[FOM] Extramathematical notions and CH
JoeShipman at aol.com
Wed Feb 6 13:59:58 EST 2013
Why couldn't someone come up with a physical theory that we somehow come to accept as correct, that predicts that some experimentally measurable value tells us the truth value of CH? Once we leave the well-defined territory of finite verification and allow ourselves to "know" physical *theories*, how do we prevent the physicists from working CH into their theories? Granted, there's no plausible proposal on the horizon, but if you are urging us not to draw arbitrary lines, then I don't see why we should draw an arbitrary line between absolute and non-absolute statements.
See below; the short answer is that I am not leaving the territory of finite verification, because we can interpret experimental measurements as verifying not only pi^_0 statements but also, with appropriate confidence levels, pi^0_1 and sigma^0_2 statements.
****In 4b, there's a giant finite object that I have good, albeit fallible, reasons to believe has been fully explored by someone or something or some collection of people or things. In 4a, I *know* that the finite object hasn't been fully explored. While I'm not going to reject 4a as useless, I have no difficulty making a principled distinction between knowledge of type 4a and knowledge of type 4b.
You seem to think I am trying to erase the distinction between 4a and 4b despite my making that very distinction; if you accept that 4a represents a VALID but DIFFERENT TYPE OF knowledge of mathematical statements, I have made my point, because I never claimed case 5 (Quantum computation) was like cases 1 (Wiles proof), 2 (Classification of finite simple groups), 3 (probabilistically checkable proofs), and 4b (4-color theorem), only that it was like case 4a (random polynomial time or BPP). I merely claimed cases 4a and 5 were useful, which you now agree with.
I do think it's possible to draw another line between 5 and 6. To summarize:
1, 2, 3, 4b: Finite and completely verified, as far as we can tell.4a, 5: Finite but definitely not completely verified.6. Infinite.
Or maybe I should add a seventh category, and say instead:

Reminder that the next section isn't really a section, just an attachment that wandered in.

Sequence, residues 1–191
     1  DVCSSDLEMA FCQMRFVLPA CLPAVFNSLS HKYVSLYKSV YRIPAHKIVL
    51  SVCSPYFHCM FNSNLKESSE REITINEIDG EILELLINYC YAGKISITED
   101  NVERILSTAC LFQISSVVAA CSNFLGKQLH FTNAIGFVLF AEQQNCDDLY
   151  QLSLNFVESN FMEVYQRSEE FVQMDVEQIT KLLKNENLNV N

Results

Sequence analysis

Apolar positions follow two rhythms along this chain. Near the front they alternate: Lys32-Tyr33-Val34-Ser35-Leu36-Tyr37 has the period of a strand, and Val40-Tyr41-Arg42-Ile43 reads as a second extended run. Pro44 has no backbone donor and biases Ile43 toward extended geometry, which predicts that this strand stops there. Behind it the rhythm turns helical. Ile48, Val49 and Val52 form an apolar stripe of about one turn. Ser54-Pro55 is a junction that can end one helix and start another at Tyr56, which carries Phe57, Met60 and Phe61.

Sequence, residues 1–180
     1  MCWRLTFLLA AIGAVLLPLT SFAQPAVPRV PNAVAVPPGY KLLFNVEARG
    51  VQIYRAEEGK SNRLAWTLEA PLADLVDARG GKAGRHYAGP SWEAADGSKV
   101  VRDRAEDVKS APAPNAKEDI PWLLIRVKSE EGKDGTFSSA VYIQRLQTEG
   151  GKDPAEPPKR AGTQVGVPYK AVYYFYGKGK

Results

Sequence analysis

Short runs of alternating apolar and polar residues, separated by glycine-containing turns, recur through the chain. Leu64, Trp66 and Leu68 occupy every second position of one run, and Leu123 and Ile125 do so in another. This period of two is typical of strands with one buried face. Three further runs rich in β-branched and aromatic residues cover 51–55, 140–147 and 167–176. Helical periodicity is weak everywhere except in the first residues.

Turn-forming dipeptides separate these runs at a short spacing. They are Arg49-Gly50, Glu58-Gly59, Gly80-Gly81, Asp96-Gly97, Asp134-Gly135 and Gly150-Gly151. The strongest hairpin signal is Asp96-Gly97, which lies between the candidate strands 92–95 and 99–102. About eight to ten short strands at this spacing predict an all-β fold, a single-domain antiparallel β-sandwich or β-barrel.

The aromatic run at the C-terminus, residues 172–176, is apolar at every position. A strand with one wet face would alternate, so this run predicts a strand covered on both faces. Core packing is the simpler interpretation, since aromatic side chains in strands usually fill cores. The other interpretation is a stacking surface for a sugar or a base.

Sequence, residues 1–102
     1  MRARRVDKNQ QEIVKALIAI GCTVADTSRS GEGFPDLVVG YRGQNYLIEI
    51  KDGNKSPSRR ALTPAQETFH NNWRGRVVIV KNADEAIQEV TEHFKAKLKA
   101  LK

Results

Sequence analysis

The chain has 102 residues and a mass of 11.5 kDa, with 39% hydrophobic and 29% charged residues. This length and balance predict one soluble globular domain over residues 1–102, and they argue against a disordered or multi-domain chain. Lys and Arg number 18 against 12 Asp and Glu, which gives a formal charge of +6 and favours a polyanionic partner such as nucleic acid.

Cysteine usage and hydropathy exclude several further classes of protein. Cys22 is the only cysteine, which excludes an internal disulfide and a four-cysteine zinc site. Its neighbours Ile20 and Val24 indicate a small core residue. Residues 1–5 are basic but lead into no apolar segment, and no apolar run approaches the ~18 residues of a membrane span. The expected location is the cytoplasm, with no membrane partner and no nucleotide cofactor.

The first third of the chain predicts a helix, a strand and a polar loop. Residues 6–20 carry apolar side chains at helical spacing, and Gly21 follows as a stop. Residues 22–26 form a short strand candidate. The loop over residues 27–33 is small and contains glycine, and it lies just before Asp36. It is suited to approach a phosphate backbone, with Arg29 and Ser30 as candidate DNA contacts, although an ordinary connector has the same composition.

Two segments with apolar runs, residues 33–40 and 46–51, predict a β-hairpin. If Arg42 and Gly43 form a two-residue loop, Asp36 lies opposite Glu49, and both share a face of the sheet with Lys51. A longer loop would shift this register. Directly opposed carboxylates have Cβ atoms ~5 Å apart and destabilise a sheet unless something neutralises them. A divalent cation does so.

6. Infinite, but absolute.7. Infinite and non-absolute.I'd prefer to stick to 1, 2, 3, 4b when using the term "mathematical knowledge." If you are happy slipping down the slope to 6 then I don't see why we might not slip down to 7 some day.
The problem with the distinction you draw between cases 4a/5 and 6 (the theory entails that a nonrecursive bit sequence might be experimentally measurable) is that the "finite object" in cases 4a and 5 is too big to be contained in this universe, rather than merely being too big to be humanly feasible but manageable by a computer, as in cases 3 and 4b. This is an important distinction between 3/4b and 4a/5, which renders the further step to case 6 of no additional practical importance.
The difference between case 6 and case 7 (which I thank you for including because I forgot to go that final step) is that non-absolute mathematics cannot be settled by physical experiment because, as Paul Elliott perceptively pointed out, we could be living in a Skolem hull. In more straightforward terms, our physical theories can't be pushed beyond arithmetical statements and still be experimentally testable, because other theories with the same arithmetical consequences will be indistinguishable from them.
For all the theories we currently contemplate, which involve measurable quantities that are summations of countably infinitely many computable quantities, the statement that a measurable physical quantity has a particular real value is Pi^0_3, the statement that its real value lies in an interval is Sigma^0_2, and if there are computable moduli of convergence we can get down to Pi^0_1. Experimental measurements will be of the form "with confidence level 10 sigma, the value of the quantity lies in the interval [a,b]", which will provide practical certainty if not metaphysical certainty that if our physical theory is correct, then the Sigma^0_2 mathematical statement that the quantity is in [a,b] is true, and we will have previously gained confidence in the physical theory through other experiments.
I cannot see how theories with the same arithmetical consequences could possibly be distinguished from each other by experiments that end up with numerical data, which is why I think that case 7 is essentially different from case 6. This also answers Aatu Koskensilta's concern, because CH and V=L and similar non-absolute axioms cannot decide any arithmetical statements that were not already decidable in ZF.
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